My Thoughts on the Notre Dame-Michigan Matchup
Growing up as a Catholic in Indiana, there was no more obvious choice than to follow and cheer for good ol' Notre Dame. My first real memory of the Notre Dame-Michigan matchup was the ’89 game and Rocket Ismail.
As a 10-year-old, I couldn’t believe that Bo kicked the ball to him the second time. No one in their right mind kicks it to a guy who already returned one to pay dirt.
You see, this matchup has become a bit more personal for me over the past six years or so. I had the chance to go to ND for a graduate degree, but instead chose to go to (gulp) Michigan because they offered a unique program.
Because of that, I can honestly say that I have a career I truly enjoy today. That is also the reason that I won’t get upset or badmouth a recruit that chooses another school over ND because they feel it is a better fit for them. I did the same thing.
You see, I was at the ’03 game in the Big House as a student with allegiances to the other school. I can honestly say that I think that was the beginning of the end of the Ty Willingham era in South Bend.
They looked absolutely awful and U of M looked like a team destined to win it all. That is what this game has always been about. To the victor goes the spoils (and the accolades and bragging rights), while the other is forced to continue its season with hopes of a national title gone.
Granted, both programs have been through rough seasons recently and some of the luster is gone from two of the greatest programs in college football.
Notre Dame enters Saturday’s contest ranked in the Top 20 and looking to build on last week’s win, and keep the momentum going for what could be (and should be) a special season. But something is different about this team- there is an energy and a confidence I don’t remember seeing in an Irish squad since the days of Lou.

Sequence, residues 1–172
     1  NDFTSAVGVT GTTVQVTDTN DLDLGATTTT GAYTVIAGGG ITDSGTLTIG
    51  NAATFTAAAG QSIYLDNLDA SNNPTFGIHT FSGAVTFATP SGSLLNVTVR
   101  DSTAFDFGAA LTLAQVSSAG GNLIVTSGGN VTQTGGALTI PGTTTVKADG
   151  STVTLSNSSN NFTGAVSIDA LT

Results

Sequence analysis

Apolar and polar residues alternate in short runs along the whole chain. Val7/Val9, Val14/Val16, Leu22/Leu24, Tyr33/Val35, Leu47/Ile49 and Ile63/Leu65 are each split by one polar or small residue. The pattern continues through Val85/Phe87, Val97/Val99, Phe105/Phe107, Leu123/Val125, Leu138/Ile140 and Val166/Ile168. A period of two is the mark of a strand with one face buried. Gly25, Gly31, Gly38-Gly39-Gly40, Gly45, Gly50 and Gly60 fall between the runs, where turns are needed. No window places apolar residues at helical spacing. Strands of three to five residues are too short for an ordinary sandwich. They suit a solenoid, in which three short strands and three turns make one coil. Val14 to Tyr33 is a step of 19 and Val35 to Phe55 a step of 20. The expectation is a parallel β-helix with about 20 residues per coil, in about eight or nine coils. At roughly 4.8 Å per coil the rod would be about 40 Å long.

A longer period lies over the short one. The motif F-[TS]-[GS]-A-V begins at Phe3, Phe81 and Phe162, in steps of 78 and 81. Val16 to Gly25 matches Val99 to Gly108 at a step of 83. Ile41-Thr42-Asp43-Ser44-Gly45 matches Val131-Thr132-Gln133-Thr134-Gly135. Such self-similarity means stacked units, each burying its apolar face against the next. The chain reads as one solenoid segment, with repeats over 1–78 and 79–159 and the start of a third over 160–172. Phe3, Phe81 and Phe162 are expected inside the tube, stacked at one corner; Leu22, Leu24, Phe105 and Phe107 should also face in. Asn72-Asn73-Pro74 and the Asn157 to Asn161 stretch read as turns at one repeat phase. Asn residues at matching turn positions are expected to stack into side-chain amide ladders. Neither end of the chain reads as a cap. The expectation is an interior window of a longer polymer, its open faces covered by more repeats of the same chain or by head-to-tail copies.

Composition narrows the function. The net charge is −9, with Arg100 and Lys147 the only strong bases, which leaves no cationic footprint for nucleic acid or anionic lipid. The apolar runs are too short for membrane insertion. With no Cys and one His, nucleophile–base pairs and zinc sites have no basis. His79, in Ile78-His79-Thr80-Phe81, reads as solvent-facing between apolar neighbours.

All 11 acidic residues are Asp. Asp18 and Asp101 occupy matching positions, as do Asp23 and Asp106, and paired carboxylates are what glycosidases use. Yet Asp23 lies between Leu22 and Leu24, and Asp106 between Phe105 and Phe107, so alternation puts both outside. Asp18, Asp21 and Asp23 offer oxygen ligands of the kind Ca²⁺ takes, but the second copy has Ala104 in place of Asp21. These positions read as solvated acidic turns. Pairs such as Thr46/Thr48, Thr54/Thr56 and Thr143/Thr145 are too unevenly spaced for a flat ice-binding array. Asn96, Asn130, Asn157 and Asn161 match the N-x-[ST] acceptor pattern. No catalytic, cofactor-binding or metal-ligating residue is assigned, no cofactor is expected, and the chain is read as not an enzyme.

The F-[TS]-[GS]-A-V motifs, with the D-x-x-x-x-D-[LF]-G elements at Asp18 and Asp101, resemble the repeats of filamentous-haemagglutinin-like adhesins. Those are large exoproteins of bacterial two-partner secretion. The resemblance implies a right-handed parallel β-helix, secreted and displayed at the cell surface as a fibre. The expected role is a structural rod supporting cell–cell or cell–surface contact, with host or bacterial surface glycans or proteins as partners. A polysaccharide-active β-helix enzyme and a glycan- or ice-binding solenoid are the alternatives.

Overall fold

Michigan is trying to regain some national respect after disposing of an average (at best) Western Michigan team. After a 2008 season filled with lows, the team (and more vocally the fans) is trying to ride this wave to a second victory and one that puts them back in the spotlight.
The thing that makes this game personal for me is that during my time in Ann Arbor, I just happened to meet a girl. Long story short, she is now my wife. And she is from Michigan. Which means, you guessed it, I married into a bunch of Michigan fans. What makes it even worse is that her brother went to Michigan State. I have to face them two straight weeks.
Last weekend, while visiting her family, I was relegated to watching ND dismantle Nevada on a 17” TV in the kitchen while the rest of the family watched Michigan-Western Michigan on the 50” plasma in the living room.
Needless to say, her grandfather and uncle both offered me bets on the game during a Sunday afternoon barbeque.
Conventional wisdom says that Michigan is a year away and Notre Dame, coming off a shutout victory over a similar offense, should be a heavy favorite.
Except this is a rivalry game, so you can throw that right out the window.
After reading several posts on the upcoming game, here are a few thoughts I have on Saturday afternoon’s matchup:
Turnovers will be key. They always are, but in a rivalry game, they mean just a little bit more.